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Bill Nye to CNN: We Don’t Deny Cigarettes Cause Cancer, So Why Deny Climate Change?

nye_cnnAs this week brought 20-plus inches of rain, tornadoes, and severe flooding to parts of Texas and Oklahoma, killing more than 20 people, some major media figures have taken to noting a connection between the storms and anthropogenic climate change. Bill Nye‘s reaction caused quite a bit of controversy with his detractors, and so on Friday morning, he responded via an appearance on CNN Newsroom.

“Bill Nye “The Science Guy” is here, ready to fight the haters,” host Carol Costello introduced him. “You tweet about climate change after extreme weather events all the time, and each time it makes climate change deniers freak out. Is this your strategy?”

Nye’s main response consisted of an analogy to another widely-accepted scientific causality premise [emphasis added]:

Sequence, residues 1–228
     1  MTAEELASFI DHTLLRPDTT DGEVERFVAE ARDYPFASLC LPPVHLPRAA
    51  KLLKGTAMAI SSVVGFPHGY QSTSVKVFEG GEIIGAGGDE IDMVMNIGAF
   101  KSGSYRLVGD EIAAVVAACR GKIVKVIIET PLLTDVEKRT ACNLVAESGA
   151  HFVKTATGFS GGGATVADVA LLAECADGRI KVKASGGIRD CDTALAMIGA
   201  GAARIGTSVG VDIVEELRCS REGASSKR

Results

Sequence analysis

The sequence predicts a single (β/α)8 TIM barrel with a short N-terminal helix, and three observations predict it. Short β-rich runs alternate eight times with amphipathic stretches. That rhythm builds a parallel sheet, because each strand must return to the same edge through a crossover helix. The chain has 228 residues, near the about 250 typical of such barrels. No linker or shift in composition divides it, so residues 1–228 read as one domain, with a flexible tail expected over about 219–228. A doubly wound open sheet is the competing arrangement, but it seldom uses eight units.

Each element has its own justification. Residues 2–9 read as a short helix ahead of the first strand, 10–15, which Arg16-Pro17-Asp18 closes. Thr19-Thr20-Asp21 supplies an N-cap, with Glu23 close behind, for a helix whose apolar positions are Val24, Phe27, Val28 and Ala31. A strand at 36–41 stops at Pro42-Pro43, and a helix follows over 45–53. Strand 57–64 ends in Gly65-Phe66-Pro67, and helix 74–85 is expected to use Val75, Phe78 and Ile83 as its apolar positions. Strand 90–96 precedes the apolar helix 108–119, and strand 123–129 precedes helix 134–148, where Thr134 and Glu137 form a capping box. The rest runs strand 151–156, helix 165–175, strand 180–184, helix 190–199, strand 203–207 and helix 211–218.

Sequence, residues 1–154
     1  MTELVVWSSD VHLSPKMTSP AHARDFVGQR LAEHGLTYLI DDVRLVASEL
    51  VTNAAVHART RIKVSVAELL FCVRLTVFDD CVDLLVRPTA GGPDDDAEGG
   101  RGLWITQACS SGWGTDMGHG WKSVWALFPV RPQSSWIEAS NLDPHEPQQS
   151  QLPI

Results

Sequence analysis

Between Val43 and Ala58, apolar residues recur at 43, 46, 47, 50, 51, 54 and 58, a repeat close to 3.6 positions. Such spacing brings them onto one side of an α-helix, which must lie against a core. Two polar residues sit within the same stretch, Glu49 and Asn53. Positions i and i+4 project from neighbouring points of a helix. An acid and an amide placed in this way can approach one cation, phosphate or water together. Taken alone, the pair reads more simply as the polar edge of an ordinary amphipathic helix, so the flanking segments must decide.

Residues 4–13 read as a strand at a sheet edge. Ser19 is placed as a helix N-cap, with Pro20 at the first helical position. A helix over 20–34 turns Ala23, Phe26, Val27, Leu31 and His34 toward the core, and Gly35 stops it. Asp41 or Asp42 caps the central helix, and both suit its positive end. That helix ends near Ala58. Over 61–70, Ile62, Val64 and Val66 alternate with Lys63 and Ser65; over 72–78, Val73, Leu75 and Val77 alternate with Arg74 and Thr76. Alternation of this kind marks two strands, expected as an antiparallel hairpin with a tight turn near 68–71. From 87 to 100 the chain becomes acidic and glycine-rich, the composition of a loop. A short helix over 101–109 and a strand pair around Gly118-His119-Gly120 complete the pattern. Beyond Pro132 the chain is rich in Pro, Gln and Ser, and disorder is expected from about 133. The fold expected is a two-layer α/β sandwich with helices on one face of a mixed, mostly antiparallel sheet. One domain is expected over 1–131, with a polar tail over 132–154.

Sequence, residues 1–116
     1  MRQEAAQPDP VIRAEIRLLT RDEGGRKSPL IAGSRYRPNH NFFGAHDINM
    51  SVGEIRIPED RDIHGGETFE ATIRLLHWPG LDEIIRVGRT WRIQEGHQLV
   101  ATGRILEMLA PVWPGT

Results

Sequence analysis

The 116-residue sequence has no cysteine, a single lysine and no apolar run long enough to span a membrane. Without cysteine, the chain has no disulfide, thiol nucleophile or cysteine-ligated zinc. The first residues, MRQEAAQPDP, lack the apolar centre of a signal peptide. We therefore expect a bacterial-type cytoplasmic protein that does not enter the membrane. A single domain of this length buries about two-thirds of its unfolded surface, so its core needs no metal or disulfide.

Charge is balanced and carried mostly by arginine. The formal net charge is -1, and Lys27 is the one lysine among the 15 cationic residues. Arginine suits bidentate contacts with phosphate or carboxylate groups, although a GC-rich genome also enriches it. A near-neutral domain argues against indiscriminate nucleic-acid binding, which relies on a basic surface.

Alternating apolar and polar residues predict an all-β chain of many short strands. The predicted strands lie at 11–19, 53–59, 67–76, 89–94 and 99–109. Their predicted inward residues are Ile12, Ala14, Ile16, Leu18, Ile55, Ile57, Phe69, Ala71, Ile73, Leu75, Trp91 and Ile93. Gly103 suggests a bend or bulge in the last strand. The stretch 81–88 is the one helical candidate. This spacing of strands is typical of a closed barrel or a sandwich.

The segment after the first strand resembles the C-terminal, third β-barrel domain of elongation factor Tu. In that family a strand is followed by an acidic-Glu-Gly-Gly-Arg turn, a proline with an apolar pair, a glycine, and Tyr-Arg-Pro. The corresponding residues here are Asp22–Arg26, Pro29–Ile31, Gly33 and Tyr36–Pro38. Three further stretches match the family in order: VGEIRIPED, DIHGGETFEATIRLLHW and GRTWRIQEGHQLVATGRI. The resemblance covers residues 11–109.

I just want to remind voters that suppose you had somebody running for congressional office in your district who insisted there was no connection between cigarette smoking and cancer. Would you vote for that person? You might, but if this person were adamant — ‘No, the scientists who studied cigarette smoking, they don’t know what…’ — if they were adamant, would you vote for them? And so, in the same way the connection between climate change and human activity is at least as strong as cigarettes and cancer. And so, I just want everybody to keep this in mind: that it’s very reasonable that the floods in Texas, the strengthening storms, especially — the president was in Florida — these things are a result of human activity making things worse. It’s very bad. I get this that people died in Texas, and I am reminding you what else. This is a very expensive business. When you flood the fourth largest city in the United States, somebody is going to pay for it, and it’s you and me. And so, the sooner we get to work on climate change, the better.

Watch below, via CNN:

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